The use of Chironomus riparius (Diptera: Chironomidae) in benthic toxicity tests and its response to selenium

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Virginia Tech


The larval and pupal stages of Chironomus riparius are benthic dwellers which ingest sediment, and are commonly prey. In an environment with elevated selenium concentrations, they can accumulate it and transfer it to higher trophic level organisms upon being ingested. This study was conducted to:

  1. Develop a method for performing acute toxicity tests using Chironomus riparius.
  2. Establish relationships between dry mass and selenium content, and between dry mass and selenium body burden.
  3. Determine whether bioaccumulation or bioconcentration contributed more to the selenium content and body burden of individual larvae.
  4. Determine selenium concentrations which were acutely and chronically toxic to C. riparius, and whether previous exposure changed the acutely toxic concentration.
  5. Evaluate adequacy of national surface water selenium criterion with respect to these data. In acute toxicity tests, 1 larva per 4 ml test solution was an acceptable organism density, and test solutions were successfully renewed by siphoning and refilling the test chamber. Regression showed that larval selenium content was linearly dependent on dry mass within instar, and body burden was negatively exponentially dependent on dry mass. Predicted body burdens were linearly dependent on dissolved selenium concentration. This indicated that bioconcentration was more important than bioaccumulation in determining body burdens. C. riparius readily acclimated after prolonged exposure to dissolved selenium, but became slightly more sensitive to selenium after prolonged exposure to substrate-adsorbed selenium. The national water quality selenium criteria may not protect against biomagnification in all ecosystems, and should be based on some environmental chemical factors.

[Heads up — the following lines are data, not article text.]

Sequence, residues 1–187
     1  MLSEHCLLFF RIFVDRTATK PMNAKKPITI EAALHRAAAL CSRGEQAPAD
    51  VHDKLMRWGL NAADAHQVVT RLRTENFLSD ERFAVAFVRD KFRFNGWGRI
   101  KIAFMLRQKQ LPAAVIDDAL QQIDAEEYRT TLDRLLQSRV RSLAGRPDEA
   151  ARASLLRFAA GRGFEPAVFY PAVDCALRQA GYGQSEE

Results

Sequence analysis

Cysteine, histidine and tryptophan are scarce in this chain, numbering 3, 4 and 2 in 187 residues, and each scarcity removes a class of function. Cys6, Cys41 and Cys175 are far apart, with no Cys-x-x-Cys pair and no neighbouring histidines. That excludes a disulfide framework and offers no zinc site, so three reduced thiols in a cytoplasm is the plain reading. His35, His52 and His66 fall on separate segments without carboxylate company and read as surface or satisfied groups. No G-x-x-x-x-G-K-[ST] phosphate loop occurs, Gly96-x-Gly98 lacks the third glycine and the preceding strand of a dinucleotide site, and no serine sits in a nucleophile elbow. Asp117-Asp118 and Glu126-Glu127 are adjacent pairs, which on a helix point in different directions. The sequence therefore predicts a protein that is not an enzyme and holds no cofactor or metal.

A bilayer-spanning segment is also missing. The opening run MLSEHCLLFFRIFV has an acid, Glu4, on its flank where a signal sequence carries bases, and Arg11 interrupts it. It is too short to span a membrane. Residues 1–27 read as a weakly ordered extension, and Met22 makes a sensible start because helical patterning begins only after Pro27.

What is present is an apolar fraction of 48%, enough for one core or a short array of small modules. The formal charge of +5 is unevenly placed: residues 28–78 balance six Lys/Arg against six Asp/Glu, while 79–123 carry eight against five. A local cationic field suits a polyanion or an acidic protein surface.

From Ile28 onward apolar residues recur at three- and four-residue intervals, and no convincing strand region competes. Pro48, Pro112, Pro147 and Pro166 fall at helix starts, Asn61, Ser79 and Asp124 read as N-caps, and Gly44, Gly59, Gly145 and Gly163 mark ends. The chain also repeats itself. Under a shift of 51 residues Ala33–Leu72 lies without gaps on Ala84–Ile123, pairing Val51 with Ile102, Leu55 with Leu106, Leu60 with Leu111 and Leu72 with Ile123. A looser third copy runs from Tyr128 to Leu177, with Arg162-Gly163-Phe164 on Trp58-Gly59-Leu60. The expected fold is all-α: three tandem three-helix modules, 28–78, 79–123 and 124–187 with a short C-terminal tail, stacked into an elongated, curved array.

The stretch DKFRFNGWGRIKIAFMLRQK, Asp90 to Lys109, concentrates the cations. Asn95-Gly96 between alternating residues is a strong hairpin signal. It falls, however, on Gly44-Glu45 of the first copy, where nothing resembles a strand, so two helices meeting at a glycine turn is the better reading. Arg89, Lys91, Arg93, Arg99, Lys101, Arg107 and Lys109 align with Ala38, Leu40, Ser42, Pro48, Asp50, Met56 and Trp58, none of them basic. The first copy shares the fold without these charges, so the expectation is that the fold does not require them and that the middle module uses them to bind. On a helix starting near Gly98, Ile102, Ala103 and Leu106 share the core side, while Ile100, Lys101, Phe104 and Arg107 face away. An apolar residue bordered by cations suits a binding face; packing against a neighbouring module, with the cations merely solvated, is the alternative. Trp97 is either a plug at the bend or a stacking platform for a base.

acute toxicity tests